GDPR compliance – is your website ready?
GDPR is the acronym on everybody’s lips at the moment. But what does it mean for website owners and how can you ensure you’re compliant?
We’ve put together the following question and answer guide to help you through this complicated issue.
Q. What do I need for my website to be compliant?
Q. What are my responsibilities as a website owner?
A. You are responsible for all data collected from your website. As a result, you’ll need to explain who you are – this is usually clear on a website but check this. How long you’re keeping the data is also important. We suggest saying that you’re keeping the data for one year and have an internal programme of data deletion. Finally, you’ll need to say why you need the data. An acceptable answer is you’re collecting it so that you can complete their order or request.
Q. What about the rest of my team?
A. GDPR requires you to list who on your team has access to personal data. This is usually internal admin or sales staff or anyone that’s involved in completing orders. However, it also covers external organisations who have access to it e.g. PayPal/merchant bank account/order delivery company.
Q. How do I ensure I have consent to use personal data?
A. You need explicit and clear consent to collect data and the best way to do this is through an opt-in form. This should include separate boxes that the user must tick themselves.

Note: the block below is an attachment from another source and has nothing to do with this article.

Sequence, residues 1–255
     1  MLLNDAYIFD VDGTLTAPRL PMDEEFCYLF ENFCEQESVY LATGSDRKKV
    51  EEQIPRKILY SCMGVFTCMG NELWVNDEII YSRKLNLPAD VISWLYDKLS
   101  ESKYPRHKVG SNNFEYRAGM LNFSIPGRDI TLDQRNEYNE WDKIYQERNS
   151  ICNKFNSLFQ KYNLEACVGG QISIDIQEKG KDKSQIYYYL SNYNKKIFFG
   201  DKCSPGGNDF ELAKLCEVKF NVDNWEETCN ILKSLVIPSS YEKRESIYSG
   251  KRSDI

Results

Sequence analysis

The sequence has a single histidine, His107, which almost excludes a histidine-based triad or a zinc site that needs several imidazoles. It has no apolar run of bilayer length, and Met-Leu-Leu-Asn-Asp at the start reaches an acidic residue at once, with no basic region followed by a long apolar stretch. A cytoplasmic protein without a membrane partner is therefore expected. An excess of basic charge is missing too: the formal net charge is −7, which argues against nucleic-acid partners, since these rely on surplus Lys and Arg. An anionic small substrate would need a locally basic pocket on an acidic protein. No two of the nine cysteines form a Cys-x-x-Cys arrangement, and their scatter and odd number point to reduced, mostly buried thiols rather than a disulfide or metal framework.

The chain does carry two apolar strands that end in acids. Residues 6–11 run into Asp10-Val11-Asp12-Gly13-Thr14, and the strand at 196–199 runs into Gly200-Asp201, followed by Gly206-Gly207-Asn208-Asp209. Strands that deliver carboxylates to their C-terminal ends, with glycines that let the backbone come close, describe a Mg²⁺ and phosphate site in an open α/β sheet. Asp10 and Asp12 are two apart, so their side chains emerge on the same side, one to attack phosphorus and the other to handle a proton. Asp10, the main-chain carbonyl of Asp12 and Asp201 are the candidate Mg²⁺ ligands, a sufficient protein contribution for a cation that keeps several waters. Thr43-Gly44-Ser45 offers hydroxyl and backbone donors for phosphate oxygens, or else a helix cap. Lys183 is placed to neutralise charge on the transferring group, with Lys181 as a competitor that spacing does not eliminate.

Q. What would I need to do if there was a security breach?
A. GDPR requires you to let all users know immediately if there’s a hack or security breach and you need to make this clear in your Privacy Statement
Q. What about cookies?
A. It’s important that your Privacy Statement covers cookies. Although the user has stored these small files of text on their own electronic device, GDPR still views this as personal information that you have indirectly stored on their device, whilst they were exploring your website. It’s important to make this clear from the outset, which is why the cookie prompt policy works well for website owners.
Q. Are there any other important considerations?
A. Yes – you need to give users access to their own data so that they can download or delete it from your records completely. We suggest this is an opt-out option included in all email correspondence. As well as this, you should include an email address which they can use to request access to their information within your Privacy Statement.